• “To all mankind besides Tess was only a passing thought. Even to friends she was no more than a frequently passing thought” (91)
  • “The ecstasy of faith almost apotheosized her… The children gazed up at her with more and more reverence, and no longer had a will for questioning. She did not look like Sissy to them now, but as a being large, towering, and awful – a divine personage with whom they had nothing in common” (95)
  • Tess: “‘Don’t for God’s sake speak as saint to sinner, but as your yourself to me myself – poor me!’” (97)
  • “Almost at a leap Tess changed from simple girl to complex woman” (99)
  • “She would be the dairymaid Tess, and nothing more” (100)
  • “She was no longer the milkmaid, but a visionary essence of woman – a whole sex condensed into one typical form. He called her Artemis, Demeter, and other fanciful names half teasingly, which she did not like because she did not understand them. ‘Call me Tess,’ she would say askance; and he did” (130)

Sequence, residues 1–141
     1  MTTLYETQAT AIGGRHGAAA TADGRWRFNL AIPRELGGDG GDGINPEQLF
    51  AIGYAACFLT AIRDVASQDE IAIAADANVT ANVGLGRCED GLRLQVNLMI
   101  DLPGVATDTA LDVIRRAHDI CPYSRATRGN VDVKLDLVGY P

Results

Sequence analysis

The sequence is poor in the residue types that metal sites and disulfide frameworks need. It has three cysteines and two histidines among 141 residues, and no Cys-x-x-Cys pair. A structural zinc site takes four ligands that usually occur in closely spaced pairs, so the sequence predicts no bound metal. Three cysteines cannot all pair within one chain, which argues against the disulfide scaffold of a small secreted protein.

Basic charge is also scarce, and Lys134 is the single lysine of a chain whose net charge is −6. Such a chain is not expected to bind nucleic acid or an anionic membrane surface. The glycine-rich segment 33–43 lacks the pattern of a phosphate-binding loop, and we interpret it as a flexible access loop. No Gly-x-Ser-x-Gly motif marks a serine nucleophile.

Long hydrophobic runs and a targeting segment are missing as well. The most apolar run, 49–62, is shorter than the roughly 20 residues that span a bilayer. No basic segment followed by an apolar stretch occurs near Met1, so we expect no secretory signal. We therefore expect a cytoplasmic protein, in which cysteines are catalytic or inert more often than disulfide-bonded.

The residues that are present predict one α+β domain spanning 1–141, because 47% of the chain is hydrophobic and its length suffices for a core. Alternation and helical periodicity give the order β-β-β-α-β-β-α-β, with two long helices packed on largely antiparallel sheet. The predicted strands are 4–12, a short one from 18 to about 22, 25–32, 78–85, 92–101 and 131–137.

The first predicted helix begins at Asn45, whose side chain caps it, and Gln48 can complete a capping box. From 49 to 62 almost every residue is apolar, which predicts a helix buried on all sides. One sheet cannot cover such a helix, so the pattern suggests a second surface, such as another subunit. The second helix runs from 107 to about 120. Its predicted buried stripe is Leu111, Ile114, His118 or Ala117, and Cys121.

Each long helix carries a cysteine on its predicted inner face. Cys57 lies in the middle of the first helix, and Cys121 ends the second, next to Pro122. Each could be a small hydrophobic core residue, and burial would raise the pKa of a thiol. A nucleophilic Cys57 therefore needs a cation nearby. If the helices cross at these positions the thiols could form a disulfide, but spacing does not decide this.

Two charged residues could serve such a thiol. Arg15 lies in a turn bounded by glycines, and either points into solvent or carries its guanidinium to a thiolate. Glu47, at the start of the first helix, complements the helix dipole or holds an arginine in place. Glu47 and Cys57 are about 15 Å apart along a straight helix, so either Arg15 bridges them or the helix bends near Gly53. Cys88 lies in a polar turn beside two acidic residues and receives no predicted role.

• Tess: “‘I do not want to marry… I only want to love you.’  (171)
  • Angel Clare: “‘You seem almost like a coquette… And yet… I know you to be the most honest, spotless creature that ever lived. So how can I suppose you a flirt?’” (177)
  • “She loved him so passionately, and he was so godlike in her eyes… her nature for his tutelary guidance” (181)
  • “‘I don’t like you to be left anywhere away from my influence and sympathy’” (203)
  • Angel Clare: “‘Which are my fingers and which are yours?” he said, looking up. ‘They are very much mixed.’ ‘They are all yours’” (217)
  • Angel Clare: “‘What I am, she is. What I become she must become. What I cannot be she cannot be.’” (218)